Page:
Anthony Edwards

Wolves Notes: Conley, Finch, Towns, Edwards

Mike Conley will have a chance to make a new Game 7 memory on Sunday, writes Chris Hine of The Star-Tribune. The Timberwolves‘ veteran point guard is still bothered by how the series ended when he and Rudy Gobert faced the Nuggets as members of the Jazz in a 2020 seventh game in the Orlando bubble. Conley had an opportunity to give Utah a dramatic victory, but his three-point shot at the buzzer misfired.

“I’ve replayed it a lot,” he said. “Having that opportunity to win a Game 7 like that and not be able to make the shot was tough. Now here we are in a similar situation, where we get to play the same team, a lot of the same guys. So for me, it’s just something I’ve been thinking about for a long time. Hopefully this will turn out different.”

Conley plans to be ready despite being listed as questionable with a right soleus strain that kept him out of Game 5. He was able to return for Thursday’s contest and said he feels better now than he did that night. He wants to be on the court so he can put to rest the bad memories from four years ago.

“It’s hard to escape it,” Conley said. “You find that clip every now and then. Sometimes it comes across the phone. I don’t actively search it — I don’t want to bring up that memory too much. But at the same time, it’s something that I’ve thought about at workouts and I think about if I’m having a tough day in a workout missing a certain shot. I’m like, ‘Nah, I got to make this because I might be in this situation again.'”

There’s more on the Wolves:

  • Injured head coach Chris Finch said he and lead assistant Micah Nori have developed an effective system as the series has worn on, Hine adds in the same piece. Finch can’t roam the sidelines after suffering a ruptured patella tendon in the first round, so he and Nori have to be selective about when they communicate. “Couple games ago, he was looking at me or to me a lot,” Finch said. “I just said, you can’t do that, we’re losing some possessions maybe here and there. Just trust your gut. He’s got 30 years of experience. So use it.”
  • Karl-Anthony Towns only scored 10 points in Game 6, but he sparked Minnesota’s blowout by doing all the things his critics say he can’t do, observes Jim Souhan of The Star-Tribune. Towns served as the primary defender against Nikola Jokic, grabbed seven rebounds by the end of the first quarter and made the right passes in the offense.
  • Teammates raved about Anthony Edwards‘ maturation int0 a leader after Game 6, per Ramona Shelburne of ESPN. As the Wolves pulled away, Edwards implored the team to avoid any letdown that would allow Denver to get back into the game. “Just the way he’s grown from, I always say my second year, his rookie year, just from the way he’s grown as a basketball player and that person,” Naz Reid said. “It’s completely night and day.”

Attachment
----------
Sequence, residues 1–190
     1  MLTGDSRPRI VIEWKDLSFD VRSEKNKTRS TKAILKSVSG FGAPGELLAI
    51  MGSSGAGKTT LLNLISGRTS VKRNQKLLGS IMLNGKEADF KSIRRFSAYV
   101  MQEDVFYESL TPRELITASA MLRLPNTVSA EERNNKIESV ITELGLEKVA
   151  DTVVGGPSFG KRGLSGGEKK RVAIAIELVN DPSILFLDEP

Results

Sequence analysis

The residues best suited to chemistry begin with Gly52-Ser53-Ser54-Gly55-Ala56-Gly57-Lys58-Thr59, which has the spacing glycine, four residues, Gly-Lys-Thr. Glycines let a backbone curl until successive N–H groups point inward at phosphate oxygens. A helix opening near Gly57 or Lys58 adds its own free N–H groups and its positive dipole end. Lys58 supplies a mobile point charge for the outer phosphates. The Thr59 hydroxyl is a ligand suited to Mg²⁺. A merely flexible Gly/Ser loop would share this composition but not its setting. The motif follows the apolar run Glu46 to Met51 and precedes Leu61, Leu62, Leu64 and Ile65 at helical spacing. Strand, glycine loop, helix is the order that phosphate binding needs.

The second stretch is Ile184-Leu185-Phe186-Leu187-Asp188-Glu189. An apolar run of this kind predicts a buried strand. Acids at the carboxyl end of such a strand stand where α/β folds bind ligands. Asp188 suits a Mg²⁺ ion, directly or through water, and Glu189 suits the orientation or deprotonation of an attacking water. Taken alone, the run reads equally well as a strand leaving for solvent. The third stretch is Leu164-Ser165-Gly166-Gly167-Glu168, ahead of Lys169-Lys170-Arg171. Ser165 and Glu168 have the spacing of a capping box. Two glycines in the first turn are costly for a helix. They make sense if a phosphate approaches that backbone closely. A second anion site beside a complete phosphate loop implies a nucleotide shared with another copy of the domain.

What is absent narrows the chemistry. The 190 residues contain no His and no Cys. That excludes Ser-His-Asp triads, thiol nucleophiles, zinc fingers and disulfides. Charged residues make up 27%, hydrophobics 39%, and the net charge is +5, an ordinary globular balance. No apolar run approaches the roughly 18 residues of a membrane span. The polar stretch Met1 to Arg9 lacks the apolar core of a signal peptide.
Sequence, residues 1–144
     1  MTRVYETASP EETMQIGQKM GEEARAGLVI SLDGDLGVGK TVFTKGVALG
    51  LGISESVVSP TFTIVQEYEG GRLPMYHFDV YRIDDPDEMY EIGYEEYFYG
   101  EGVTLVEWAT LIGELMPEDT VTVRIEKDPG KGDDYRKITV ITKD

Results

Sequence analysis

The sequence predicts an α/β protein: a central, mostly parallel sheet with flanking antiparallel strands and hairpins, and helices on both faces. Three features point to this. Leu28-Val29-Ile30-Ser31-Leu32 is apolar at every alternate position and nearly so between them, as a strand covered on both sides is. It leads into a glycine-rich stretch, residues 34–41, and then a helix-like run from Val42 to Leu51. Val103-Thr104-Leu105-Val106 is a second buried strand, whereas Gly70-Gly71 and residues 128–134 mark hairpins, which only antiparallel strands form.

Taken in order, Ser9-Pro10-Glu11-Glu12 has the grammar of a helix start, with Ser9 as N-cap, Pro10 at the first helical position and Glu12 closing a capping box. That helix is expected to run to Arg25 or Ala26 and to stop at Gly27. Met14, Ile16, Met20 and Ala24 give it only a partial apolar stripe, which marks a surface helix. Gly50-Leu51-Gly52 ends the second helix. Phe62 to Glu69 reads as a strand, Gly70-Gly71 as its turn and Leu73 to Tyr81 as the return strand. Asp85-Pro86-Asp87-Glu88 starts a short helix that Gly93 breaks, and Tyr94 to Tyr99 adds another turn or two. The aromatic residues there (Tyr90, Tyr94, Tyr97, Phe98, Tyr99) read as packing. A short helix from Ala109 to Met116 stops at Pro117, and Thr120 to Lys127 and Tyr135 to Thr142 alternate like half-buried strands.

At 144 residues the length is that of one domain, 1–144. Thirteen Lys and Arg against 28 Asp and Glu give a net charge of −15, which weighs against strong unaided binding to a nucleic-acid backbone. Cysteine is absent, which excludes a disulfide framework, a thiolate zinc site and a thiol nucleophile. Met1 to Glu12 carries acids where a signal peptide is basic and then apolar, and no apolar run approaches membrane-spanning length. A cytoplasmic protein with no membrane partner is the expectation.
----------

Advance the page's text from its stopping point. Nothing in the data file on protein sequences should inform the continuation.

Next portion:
Wolves Notes: Conley, Edwards, Towns, McDaniels

Facing elimination on Thursday, the Timberwolves turned in arguably the most dominant performance of any team this postseason, holding the Nuggets to 70 points on the night and going on separate 20-0, 13-0, and 24-0 runs en route to a 45-point victory. What was the difference for Minnesota? According to Anthony Edwards, the answer was simple, writes Dave McMenamin of ESPN.

“We got Mike Conley back,” Edwards said of his backcourt mate, who missed Game 5 due to a right soleus strain. “That was it.”

It’s a little reductive to give Conley full credit for the Wolves’ incredible performance. After all, he was also on the floor for the team’s home losses in Games 3 and 4. But Minnesota’s players and coaches have spoken all season about the outsized impact the veteran point guard – who was the team’s fifth-leading scorer during the season – has on the Wolves.

“Mike means everything for us,” head coach Chris Finch said after Game 6. “Unbelievable next to Anthony in terms of being able to set him up, play off of him, be in his ear all of the time. Smart defender. Just everything you want in an experienced, veteran point guard and just the very fact that Ant doesn’t have to handle it every single time, that alone helps us. … We desperately missed him the other night.”

Here’s more out of Minnesota:

  • As Sam Amick of The Athletic details, several Timberwolves players credited a video the coaching staff showed prior to Game 6 for helping the club regain its swagger and get in the right head space heading into Thursday’s contest. “Normally we have a (film) edit, just with certain offensive possessions This edit was more of a production, one of those that show all the big dunks and highlights and the ball movement and with music behind it,” Conley said. “It was a surprise. We’ll usually see the defensive stuff and offensive stuff, but this time they plugged it up to the big speaker. We normally don’t have anything plugged into the big speakers, just the (film) and coach will be talking over it. But this was more of a change-our-mentality sort of thing.” Edwards told reporters that the team’s “energy shifted” after watching the hype video, while Karl-Anthony Towns said it reminded the Wolves of the “discipline, the execution, (and) the tenacity” that they’d been lacking in their losses.
  • Edwards – who said on Thursday that he wants to be “the best player on both sides of the ball in the NBA,” per McMenamin – was the primary defender on Jamal Murray in Game 6. It was a miserable night for the Nuggets guard, who scored just 10 points on 4-of-18 shooting, though Murray suggested after the loss that a right elbow injury he suffered early in the game was more to blame for his off night. “I put some numbing cream on it just so I didn’t have to feel it every time it extended,” Murray said, according to Ohm Youngmisuk of ESPN. “… We got two days off. I just got to get ready and be able to be better for Sunday. Yeah, (it’s got) to be better for Sunday, man.”